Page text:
Smugglers are using TikTok, Instagram to dupe Americans into smuggling migrants – Ars Technica

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Sometimes attracting drivers as young as 14 with emoji-filled posts that promise thousands of dollars “for just a few hours of driving,” smugglers often rely on social media to recruit Americans to help migrants illegally cross the US-Mexico border, The Wall Street Journal reported.
Popular platforms like Instagram, WhatsApp, Snapchat, TikTok, and Twitter all told the WSJ that they prohibit these posts. However, the Journal talked to local and federal law-enforcement officials, as well as defense attorneys for Americans recruited on social media, who confirmed that despite those bans, the trend is “increasingly common.”
When contacted by Ars, a Twitter spokesperson pointed out that the Journal’s report didn’t include specific examples of this activity happening on the platform. The spokesperson linked to Twitter’s Transparency Center, where the company tracks reports on this content.
Snapchat’s spokesperson told Ars, “Our global safety teams… work around the clock to quickly investigate any reports and take appropriate action. We will continue to work in close collaboration with law enforcement and support investigations to help prevent abuse on our platform.”
Meta has not yet responded to Ars, but it told the WSJ that it has invested in technology to detect these posts. Ars also couldn’t immediately reach TikTok, which told the WSJ that it not only removes posts but bans accounts when such content is detected.
The Journal reported that because of social media bans, most “posts appear briefly” before vanishing.
Even a flicker of reach seems to be enough to connect with Americans on social media, though. WSJ reported that often Americans are directed to pick up migrants who have just crossed into the US. One Arizona border patrol agent told the WSJ that approximately 90 percent of drivers the department arrests—some under 18—admit to being recruited through social media. The US attorney for Arizona, Gary Restaino, told the WSJ that “half the smuggling cases his office prosecutes involve social-media recruitment.”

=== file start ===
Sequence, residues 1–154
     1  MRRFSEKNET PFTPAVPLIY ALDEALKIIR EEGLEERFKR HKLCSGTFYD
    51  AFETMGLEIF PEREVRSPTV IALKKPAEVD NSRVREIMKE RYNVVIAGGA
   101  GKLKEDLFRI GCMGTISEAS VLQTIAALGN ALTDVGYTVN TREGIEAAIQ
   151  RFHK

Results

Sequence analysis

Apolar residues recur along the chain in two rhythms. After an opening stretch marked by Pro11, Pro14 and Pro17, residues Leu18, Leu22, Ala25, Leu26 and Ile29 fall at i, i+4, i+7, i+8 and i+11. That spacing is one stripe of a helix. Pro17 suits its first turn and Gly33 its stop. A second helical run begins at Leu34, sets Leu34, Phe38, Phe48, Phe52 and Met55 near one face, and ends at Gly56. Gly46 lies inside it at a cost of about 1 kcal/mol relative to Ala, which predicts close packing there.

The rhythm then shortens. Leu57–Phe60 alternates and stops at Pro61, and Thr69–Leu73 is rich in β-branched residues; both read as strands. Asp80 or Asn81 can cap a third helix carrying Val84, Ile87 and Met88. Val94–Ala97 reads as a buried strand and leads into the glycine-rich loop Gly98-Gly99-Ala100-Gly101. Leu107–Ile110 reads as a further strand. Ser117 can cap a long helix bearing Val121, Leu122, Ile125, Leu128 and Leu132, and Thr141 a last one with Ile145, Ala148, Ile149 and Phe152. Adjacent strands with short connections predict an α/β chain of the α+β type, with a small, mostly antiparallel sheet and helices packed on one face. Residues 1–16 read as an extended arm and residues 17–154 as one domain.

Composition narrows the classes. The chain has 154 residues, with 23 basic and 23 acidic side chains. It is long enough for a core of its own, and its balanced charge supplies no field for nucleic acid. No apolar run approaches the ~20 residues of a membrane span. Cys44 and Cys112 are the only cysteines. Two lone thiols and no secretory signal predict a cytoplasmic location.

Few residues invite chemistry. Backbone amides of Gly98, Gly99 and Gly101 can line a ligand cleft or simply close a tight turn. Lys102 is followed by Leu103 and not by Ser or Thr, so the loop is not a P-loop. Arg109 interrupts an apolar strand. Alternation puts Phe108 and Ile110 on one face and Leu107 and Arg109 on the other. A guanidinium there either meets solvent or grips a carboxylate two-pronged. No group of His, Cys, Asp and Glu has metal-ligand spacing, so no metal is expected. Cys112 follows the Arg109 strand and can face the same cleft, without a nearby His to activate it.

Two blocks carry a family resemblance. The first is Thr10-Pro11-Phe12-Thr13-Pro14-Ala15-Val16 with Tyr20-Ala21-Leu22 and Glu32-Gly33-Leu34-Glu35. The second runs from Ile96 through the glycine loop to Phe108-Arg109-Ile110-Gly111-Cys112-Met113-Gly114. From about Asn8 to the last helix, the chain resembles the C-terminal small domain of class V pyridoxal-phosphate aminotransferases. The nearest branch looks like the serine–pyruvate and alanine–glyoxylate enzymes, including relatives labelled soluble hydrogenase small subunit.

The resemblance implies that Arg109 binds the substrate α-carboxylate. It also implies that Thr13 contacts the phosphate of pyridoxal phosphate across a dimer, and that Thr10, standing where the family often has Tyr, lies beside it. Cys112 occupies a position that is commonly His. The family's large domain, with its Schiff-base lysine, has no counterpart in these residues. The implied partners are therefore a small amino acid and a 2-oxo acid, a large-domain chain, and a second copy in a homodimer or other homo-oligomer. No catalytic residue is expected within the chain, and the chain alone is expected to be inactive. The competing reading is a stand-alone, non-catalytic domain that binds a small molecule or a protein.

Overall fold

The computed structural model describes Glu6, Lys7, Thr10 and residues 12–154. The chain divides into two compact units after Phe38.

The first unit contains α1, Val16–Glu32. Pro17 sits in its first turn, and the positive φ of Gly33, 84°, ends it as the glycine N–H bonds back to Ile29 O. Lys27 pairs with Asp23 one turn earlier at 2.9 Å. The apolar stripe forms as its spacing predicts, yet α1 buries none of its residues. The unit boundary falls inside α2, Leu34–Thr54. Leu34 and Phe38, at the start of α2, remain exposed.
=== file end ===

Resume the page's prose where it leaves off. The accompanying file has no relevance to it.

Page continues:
Out of hundreds of arrests made by one Arizona county sheriff’s department, 73 involved juveniles. Depending on the circumstances of each arrest, violators can face harsh consequences, with one 41-year-old driver recruited through Snapchat facing up to 51 months in prison if he’s sentenced this November.
To escape detection and moderation, smugglers recruiting drivers do not mention delivering migrants across the border. They keep their posts vague, and the Journal said drivers are sometimes unaware they’re involved in illegal activity until they get to the job.
Just as the number of drivers recruited seems to be increasing, the amount of money that can be made by responding to these recruitment posts has also gone up—which could partly explain why they’re enticing more people. The Herald Review reported in May that the average payment seemed to double between 2021 and 2022, going from $1,000 per run to at least $2,000.
Around the time that the report was published, Arizona seemed to reach a boiling point, losing patience with companies for not stopping the social media recruitment of American drivers for smuggling, including for drug and human trafficking operations. In May, Arizona Governor Doug Ducey wrote a letter to Twitter, TikTok, Snap, and Meta, telling the social media companies that “we need stronger action to prevent this activity that is drawing our young people into a life of crime.”
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